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I would strongly recommend a 32mm or maybe a 40mm Plossl eyepiece (1.25").  They will give nice wide angle views (about 2.5 degrees of sky) at low mags (x21, x17).  A wider view frames objects nicely, and gives good views of larger objects such as the M45 Pleaides Cluster.  A larger view also makes it easier to "hop around".

Have fun,

Doug.

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Just checked this scope out (had not heard of it before). 100mm aperture is a decent size for a starter scope (even better for a young kid). I like the phone camera adapter thing (looks very easy and intuitive). Should get good images of the Moon (and other stuff). Alt-Az is very user friendly for anyone of any age. I like the erect prism also. This means you see things through the scope as you see them with your eyes (meaning they are not upside down).

All in all i cant find a bad thing about it. It seems ideal for a kid of 8. The Kellner eyepieces may not be the greatest in the world (it takes time to find out what works best for you) but they will do for now and work very well. As Doug said above, a 32-40mm Plossl eyepiece (1.25") will be a good addition and it will allow a wider view and make it easier to find your way around.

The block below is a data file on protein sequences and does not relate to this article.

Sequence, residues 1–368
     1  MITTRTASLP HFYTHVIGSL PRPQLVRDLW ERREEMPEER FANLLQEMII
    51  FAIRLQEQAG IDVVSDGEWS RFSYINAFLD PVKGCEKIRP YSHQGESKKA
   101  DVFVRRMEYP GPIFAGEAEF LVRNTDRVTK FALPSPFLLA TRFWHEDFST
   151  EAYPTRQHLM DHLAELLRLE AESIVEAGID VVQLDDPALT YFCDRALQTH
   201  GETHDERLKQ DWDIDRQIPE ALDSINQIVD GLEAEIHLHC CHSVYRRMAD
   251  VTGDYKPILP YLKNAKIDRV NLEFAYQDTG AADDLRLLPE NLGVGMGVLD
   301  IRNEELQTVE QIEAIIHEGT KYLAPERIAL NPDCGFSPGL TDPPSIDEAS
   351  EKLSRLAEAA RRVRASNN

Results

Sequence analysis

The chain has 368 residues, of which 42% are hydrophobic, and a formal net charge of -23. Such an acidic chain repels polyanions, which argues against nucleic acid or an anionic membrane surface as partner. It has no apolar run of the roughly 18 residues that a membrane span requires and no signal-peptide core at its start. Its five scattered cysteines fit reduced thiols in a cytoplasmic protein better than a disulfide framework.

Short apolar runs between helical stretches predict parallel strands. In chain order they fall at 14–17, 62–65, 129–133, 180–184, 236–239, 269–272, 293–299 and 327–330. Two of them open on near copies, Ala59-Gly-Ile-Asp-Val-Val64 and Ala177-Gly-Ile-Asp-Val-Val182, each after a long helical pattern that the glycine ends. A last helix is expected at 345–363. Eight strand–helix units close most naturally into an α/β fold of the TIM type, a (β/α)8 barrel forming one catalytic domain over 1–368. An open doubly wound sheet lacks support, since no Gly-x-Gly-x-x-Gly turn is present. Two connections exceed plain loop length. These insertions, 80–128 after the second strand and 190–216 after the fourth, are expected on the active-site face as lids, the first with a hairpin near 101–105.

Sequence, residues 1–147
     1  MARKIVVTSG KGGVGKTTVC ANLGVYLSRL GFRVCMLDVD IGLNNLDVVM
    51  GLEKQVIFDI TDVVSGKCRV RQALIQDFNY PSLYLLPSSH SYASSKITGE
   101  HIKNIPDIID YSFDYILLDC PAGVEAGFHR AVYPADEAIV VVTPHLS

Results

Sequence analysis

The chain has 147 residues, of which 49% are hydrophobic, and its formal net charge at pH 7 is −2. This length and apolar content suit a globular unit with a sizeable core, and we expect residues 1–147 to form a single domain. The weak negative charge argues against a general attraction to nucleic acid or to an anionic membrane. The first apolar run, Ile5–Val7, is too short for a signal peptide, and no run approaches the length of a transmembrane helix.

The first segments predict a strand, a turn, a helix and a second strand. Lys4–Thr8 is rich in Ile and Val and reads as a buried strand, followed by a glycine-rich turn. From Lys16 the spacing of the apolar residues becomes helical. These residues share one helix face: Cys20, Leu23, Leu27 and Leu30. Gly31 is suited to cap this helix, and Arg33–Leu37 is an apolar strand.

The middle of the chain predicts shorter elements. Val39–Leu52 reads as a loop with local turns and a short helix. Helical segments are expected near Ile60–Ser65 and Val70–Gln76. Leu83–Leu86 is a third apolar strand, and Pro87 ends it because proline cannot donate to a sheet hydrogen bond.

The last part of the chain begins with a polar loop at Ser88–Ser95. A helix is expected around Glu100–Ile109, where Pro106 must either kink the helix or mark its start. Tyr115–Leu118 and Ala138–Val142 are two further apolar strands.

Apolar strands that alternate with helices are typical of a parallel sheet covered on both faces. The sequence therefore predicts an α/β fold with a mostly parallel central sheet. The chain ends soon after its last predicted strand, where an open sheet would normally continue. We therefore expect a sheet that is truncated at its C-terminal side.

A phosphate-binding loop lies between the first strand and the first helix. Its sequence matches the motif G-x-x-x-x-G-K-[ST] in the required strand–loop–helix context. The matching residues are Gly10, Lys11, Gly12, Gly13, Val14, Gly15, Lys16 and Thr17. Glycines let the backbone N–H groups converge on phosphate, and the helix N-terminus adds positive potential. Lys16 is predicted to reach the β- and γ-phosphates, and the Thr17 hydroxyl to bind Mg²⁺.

Good choice. I like its functionality.

Also a great book to consider is one called "Turn Left At Orion". It shows you hundreds of objects in the night sky and how to find them easily. It shows them well and how to expect them to look in different size scopes from small to large (and i think the newest edition even shows what to expect when using binoculars). Well worth buying.

Q: the phone adapter etc come included?.......or are they optional extras?. I didnt read that bit. I assumed they come with it. The price as mentioned above may be a bit high, but such is life. I personally find Celestron products to be slightly over priced anyway. My 1st scope was a 90mm Celestron on an equatorial mount and i paid nearly 400 euros (i'll let you do the conversion).

I'm sure your son will love it. 

Edited by LukeSkywatcher